Who is Raymond Leane ?

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Brigadier General Sir Raymond Lionel Leane, CB, CMG, DSO & Bar, MC, VD, JP (12 July 1878 – 25 June 1962) was an Australian Army officer who rose to command the 48th Battalion then 12th Brigade during World War I. For his performance during the war, Leane was described by the Australian Official War Historian Charles Bean as “the foremost fighting leader” in the Australian Imperial Force (AIF), and “the head of the most famous family of soldiers in Australian history”, among other accolades. After the war, he served as Commissioner of the South Australia Police from 1920 to 1944, for which he was knighted.




A businessman and part-time Citizen Forces officer before the war, Leane was commissioned into the AIF and led a company of the 11th Infantry Battalion at the landing at Anzac Cove, Gallipoli, on 25 April 1915. He rose to temporarily command his battalion, and was made a Companion of the Distinguished Service Order (DSO), awarded the Military Cross, twice mentioned in despatches and wounded three times during the Gallipoli Campaign. After returning to Egypt, the AIF was re-organised, and Leane was appointed as the commanding officer of the newly formed 48th Battalion, which soon after was transported to the Western Front in France and Belgium. Important battles that the 48th were involved in under his command included the Battle of Pozières in 1916, and the First Battle of Bullecourt and First Battle of Passchendaele in 1917. During the latter battle, he was severely wounded. During 1916–1917, he was mentioned in despatches three more times, was made a Companion of the Order of St Michael and St George and awarded a bar to his DSO.

 

After recuperating, in early 1918 he returned to his battalion and led it during the German Spring Offensive of March and April 1918, which included heavy fighting near Dernancourt, for which he was again mentioned in despatches. As a battalion commander, he proved a difficult subordinate, disobeying the orders of his brigade commanders at both Pozières and Dernancourt. In June 1918 he was promoted to colonel and temporary brigadier general to command the 12th Brigade, which he led during the Battle of Amiens in August, and the fighting to capture the Hindenburg Outpost Line in September. He was mentioned in despatches a further two times after the conclusion of the war, and in early 1919 was also awarded the French Croix de guerre, and made a Companion of the Order of the Bath for his “gallant and able” leadership while commanding the 12th Brigade. During the war, four of his brothers and six of his nephews served, with two of his brothers and two of his nephews being killed.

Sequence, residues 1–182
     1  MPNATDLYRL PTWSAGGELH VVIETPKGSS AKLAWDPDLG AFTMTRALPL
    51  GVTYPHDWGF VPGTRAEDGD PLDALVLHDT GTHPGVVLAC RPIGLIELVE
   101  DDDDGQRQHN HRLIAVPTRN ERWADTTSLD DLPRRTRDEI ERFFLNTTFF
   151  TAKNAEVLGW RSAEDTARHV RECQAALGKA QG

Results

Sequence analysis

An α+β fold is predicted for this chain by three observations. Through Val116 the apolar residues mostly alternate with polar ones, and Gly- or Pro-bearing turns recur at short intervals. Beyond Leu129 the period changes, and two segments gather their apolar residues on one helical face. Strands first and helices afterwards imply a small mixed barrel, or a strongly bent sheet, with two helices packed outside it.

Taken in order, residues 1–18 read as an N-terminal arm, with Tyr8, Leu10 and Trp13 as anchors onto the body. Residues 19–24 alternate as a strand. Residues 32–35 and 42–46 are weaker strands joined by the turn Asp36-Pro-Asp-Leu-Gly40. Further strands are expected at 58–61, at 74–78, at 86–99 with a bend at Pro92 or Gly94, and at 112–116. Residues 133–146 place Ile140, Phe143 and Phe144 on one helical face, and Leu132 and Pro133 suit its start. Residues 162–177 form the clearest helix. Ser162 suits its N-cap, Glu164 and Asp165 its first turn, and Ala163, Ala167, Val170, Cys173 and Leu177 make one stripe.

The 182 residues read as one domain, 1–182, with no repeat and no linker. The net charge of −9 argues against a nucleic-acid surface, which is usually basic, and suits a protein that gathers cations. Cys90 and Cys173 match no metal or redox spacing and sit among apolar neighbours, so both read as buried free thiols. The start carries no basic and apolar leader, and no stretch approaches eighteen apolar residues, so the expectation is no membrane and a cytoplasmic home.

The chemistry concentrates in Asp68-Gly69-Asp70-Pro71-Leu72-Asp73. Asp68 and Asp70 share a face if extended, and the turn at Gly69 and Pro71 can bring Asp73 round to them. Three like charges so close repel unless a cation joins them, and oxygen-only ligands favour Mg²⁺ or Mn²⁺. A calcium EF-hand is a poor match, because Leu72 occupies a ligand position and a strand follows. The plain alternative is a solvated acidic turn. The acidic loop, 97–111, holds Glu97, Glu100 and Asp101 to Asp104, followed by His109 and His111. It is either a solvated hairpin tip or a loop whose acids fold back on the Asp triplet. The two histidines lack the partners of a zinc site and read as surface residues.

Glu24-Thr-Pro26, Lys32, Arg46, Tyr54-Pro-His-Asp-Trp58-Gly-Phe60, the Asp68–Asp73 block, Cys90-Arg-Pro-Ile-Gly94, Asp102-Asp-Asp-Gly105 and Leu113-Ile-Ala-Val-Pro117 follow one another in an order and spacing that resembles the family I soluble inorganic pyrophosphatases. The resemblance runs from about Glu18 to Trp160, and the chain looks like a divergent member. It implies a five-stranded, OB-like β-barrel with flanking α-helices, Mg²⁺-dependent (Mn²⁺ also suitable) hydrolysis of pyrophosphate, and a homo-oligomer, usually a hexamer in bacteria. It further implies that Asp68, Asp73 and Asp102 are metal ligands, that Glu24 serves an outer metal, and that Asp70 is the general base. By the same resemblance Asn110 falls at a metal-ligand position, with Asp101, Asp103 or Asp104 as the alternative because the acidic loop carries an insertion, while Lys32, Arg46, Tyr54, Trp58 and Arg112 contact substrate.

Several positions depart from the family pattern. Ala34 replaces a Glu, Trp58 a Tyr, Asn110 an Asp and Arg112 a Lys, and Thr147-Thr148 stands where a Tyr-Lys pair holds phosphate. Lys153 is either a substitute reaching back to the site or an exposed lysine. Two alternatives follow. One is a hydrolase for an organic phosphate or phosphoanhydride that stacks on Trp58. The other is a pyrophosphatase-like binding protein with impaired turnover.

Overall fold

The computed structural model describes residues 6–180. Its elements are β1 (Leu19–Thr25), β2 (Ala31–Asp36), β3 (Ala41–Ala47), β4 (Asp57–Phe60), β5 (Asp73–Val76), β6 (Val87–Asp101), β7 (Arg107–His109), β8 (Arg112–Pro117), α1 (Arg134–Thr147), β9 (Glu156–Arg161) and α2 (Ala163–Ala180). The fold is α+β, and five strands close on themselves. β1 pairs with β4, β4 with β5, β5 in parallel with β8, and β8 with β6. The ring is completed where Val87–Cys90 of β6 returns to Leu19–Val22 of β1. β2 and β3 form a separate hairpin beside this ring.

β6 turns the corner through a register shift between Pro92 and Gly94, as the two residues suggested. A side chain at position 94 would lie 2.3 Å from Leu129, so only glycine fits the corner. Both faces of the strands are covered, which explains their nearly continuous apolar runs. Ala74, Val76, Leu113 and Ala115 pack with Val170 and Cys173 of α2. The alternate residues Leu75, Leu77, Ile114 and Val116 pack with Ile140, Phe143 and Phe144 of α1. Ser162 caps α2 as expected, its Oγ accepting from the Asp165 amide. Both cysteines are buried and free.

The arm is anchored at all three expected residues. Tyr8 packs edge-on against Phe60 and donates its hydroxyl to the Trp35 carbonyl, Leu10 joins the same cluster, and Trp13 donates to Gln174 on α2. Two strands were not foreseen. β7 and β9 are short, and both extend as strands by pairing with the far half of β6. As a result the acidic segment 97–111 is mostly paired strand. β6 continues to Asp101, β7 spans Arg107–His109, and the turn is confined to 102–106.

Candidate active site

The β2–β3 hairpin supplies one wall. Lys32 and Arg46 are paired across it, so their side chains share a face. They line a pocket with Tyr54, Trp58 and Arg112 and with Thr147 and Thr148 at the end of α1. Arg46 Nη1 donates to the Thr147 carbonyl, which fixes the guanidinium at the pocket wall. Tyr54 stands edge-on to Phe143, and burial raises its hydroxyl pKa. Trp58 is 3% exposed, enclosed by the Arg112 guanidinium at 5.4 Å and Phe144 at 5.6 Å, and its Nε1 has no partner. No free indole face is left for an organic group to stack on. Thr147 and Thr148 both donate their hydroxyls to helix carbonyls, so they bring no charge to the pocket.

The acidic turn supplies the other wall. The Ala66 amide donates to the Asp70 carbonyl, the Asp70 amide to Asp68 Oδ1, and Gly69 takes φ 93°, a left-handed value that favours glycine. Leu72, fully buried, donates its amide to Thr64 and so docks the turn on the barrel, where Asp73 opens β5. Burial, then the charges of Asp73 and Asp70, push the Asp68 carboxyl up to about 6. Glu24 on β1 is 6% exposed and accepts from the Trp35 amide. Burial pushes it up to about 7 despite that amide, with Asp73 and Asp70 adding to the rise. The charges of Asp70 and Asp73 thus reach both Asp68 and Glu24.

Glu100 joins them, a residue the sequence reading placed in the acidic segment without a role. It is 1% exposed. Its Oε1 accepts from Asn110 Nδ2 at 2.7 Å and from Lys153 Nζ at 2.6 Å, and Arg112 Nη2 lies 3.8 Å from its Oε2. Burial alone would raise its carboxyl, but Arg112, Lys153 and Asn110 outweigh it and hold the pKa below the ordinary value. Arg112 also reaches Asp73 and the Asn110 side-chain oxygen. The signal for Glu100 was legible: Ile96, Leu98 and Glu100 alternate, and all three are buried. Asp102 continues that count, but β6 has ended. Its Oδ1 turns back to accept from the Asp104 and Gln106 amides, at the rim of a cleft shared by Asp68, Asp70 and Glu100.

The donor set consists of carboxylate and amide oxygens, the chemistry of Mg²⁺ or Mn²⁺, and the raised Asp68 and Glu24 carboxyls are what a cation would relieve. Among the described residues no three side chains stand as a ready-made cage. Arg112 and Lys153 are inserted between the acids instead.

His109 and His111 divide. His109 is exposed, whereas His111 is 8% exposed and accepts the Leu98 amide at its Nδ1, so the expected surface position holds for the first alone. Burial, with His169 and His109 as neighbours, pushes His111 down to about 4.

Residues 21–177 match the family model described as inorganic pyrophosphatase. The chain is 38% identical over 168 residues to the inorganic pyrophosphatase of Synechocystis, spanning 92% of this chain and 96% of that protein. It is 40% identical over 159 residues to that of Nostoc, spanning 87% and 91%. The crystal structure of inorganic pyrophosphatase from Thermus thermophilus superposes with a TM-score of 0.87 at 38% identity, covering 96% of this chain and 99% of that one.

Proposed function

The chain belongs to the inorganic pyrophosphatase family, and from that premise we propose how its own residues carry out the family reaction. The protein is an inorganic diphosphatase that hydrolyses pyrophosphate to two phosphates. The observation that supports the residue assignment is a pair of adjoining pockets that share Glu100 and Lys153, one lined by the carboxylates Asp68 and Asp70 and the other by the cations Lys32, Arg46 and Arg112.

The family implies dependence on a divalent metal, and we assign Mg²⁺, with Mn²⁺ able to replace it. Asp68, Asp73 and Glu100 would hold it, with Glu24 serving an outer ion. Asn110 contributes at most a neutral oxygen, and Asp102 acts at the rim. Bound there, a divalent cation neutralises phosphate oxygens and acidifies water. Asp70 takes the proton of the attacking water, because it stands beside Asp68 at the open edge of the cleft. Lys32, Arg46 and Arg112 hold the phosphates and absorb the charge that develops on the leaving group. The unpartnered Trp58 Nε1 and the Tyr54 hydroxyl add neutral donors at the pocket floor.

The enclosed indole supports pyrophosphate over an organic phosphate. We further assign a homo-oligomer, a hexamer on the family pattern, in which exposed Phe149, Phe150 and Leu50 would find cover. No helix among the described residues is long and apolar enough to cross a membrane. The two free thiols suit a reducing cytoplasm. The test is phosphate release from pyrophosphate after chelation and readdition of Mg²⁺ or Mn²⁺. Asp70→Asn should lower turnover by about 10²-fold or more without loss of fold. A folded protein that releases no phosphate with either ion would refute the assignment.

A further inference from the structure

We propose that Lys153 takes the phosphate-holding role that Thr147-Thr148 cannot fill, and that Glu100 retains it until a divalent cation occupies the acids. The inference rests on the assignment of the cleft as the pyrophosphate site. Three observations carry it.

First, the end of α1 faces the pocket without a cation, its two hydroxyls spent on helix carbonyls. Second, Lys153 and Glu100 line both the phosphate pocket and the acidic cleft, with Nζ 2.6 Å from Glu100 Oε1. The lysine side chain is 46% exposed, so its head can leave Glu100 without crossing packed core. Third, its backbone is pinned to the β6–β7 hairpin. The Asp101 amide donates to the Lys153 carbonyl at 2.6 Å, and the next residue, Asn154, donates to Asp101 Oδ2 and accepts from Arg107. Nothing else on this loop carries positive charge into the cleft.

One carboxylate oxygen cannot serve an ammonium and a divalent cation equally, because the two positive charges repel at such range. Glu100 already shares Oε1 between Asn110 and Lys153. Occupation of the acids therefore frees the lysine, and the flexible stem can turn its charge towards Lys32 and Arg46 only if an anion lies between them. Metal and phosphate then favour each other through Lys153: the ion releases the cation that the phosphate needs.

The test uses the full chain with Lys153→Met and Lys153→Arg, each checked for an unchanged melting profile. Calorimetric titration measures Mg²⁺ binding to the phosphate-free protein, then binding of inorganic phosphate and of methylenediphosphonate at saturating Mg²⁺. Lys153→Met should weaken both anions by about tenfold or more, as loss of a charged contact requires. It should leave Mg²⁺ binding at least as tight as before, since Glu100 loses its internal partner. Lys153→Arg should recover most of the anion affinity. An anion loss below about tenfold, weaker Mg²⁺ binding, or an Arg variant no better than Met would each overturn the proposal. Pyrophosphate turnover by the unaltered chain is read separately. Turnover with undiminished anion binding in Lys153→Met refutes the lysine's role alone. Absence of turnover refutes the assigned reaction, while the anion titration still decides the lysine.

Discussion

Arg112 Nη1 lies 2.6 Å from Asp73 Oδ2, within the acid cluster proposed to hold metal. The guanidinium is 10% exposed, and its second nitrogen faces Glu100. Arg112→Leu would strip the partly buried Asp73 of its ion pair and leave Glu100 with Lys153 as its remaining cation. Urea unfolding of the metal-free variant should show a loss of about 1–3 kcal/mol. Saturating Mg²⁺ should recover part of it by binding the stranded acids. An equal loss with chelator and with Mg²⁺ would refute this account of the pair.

After helping oversee the repatriation of soldiers back to Australia, Leane returned home to South Australia in late 1919. In May the following year he was selected as the next Commissioner of the South Australia Police, taking up the appointment in July. His appointment was initially controversial within the force, as there had been an established practice of selecting the commissioner from within its ranks. Leane also returned to part-time soldiering, commanding at the brigade level until 1926, not without controversy. His administration of the police force was generally praised, although he did have to weather several storms, one of which involved a Royal Commission into bribery of some of his officers by bookmakers. He was a foundation member and inaugural president of the Legacy Club of Adelaide, established to assist the dependents of deceased ex-servicemen. In 1928, during a major dispute over the industrial award applying to waterfront labourers, Leane provided police protection to non-union workers, and on one occasion personally led a force of 150 police that successfully confronted a crowd of 2,000 waterside labourers who wanted to remove non-union workers from Adelaide ports. As commissioner, he introduced a number of innovations, including cadets and probationary training for young recruits, police dogs, and traffic accident analysis. After the outbreak of World War II, despite being on the retired list, Leane became the state commander of the Returned and Services League-organised Volunteer Defence Corps, a form of home guard, in addition to his duties as commissioner. After retiring in 1944, he was knighted for his services during 24 years at the head of the police force. In retirement he became involved in conservative politics, and remained active with returned servicemen’s associations until his death in 1962.

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